The Tanka System: The Parsi Craft of Water Harvesting


The Zoroastrians brought the consciousness of water related rituals and the concept of harvesting water from ancient Iran. The tanka is a unique water harvesting system, providing pure drinking water at Parsi homes in Bharuch, South Gujarat. Following traditional methods of collecting rainwater, this system has a series of filters, which purify the water.

The tanka is an underground tank, accommodated inside the house, preferably under the kitchen or dining room, made of chiselled blocks of stone, in lime mortar. It is unlined but made waterproof by an indigenous herbal mix which renders the inner surface waterproof, seals minor cracks and prevents bacteriological growth. The tanka is large enough to store sufficient drinking water for a family for six to eight months, its average capacity being around 25,000 litres. With sizes reaching nearly 20 feet by 60 feet and a height of 12 feet, arches and vaults are needed to support the earthwork and the superstructure on top of the tanka.


The tanka is filled from rainwater collected through roof runoff. This simple system of collection, via a 3" to 4" pipe, depends on successive sumps whose water is collected and overflows on its way to the tanka. Settled impurities are flushed out through an overflow pipe.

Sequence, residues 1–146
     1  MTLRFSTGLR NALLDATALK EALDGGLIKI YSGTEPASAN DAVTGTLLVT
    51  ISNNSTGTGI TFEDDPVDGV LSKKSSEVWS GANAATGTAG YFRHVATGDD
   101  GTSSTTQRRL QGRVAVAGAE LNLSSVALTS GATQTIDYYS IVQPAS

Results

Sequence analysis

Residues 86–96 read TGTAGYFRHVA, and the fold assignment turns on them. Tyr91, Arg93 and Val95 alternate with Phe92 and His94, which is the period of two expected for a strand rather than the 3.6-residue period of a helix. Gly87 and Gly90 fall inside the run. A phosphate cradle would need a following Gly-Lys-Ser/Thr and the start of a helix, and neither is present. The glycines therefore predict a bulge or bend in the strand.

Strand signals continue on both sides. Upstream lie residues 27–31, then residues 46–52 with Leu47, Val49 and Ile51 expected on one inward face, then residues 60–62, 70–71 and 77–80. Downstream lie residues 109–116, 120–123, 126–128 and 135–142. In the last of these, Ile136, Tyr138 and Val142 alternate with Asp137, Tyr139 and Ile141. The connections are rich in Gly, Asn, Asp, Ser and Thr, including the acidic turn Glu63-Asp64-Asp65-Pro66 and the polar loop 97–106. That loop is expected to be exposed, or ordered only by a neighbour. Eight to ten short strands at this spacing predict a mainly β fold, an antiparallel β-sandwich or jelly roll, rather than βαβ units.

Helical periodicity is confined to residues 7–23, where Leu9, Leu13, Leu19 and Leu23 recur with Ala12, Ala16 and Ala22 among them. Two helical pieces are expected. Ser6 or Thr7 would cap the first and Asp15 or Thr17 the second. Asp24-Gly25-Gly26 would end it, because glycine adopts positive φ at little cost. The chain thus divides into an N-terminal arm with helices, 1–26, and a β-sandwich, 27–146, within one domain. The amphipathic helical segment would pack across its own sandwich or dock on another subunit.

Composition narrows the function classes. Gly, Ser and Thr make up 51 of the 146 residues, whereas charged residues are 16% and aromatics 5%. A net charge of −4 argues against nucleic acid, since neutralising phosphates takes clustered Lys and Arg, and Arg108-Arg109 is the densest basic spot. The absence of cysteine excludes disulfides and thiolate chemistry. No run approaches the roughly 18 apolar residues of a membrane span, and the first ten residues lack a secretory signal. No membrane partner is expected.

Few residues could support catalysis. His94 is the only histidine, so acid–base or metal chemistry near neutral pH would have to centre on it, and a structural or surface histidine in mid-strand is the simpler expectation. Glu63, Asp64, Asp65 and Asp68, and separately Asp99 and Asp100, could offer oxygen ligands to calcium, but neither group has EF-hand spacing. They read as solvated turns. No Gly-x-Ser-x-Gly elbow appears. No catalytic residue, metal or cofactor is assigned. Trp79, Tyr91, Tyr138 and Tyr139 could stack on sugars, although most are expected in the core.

During the first days of the rainy season, water is made to run down the overflow pipe, ensuring a maximum cleaning of all surfaces. When the owner is certain of the cleanliness, done by constant visual testing and actual tasting of water, the overflow is plugged and the tanka inlet opened. This starts the flow of water into the tanka.

The tanka has a hatch cover which is kept closed except for the time when water is pulled out as from a well, by a bucket on a pulley. The water retention capacity of these tanks is seen in the form of a particular 'danger level' indicated inside by the depiction of a sculptured 'fish' along the inlet neck. Filling the tank above this mark is considered dangerous as the hydraulic pressure inside could exceed the retaining capacity of the tank wall. The tanka is filled gradually up to the 'fish' mark, and the stored water is used long after the rains have stopped. The opening of the tanka is placed so that direct sunlight does not enter, and there is no contamination. This makes the tanka a most precious source of drinking water, especially in the hot summer months. Most owners clean the tanka only once in 5 to 10 years. The water in Bharuch has been tested and found to be of potable quality.



The tankas, built without cement or concrete, have withstood devastating earthquakes in Gujarat for the past 200 years. Even when houses have fallen, tankas, full of enormous volumes of water, have remained unaffected.

This article was first published in UNESCO Power of Creativity Magazine; Vol. 2, August, 2008

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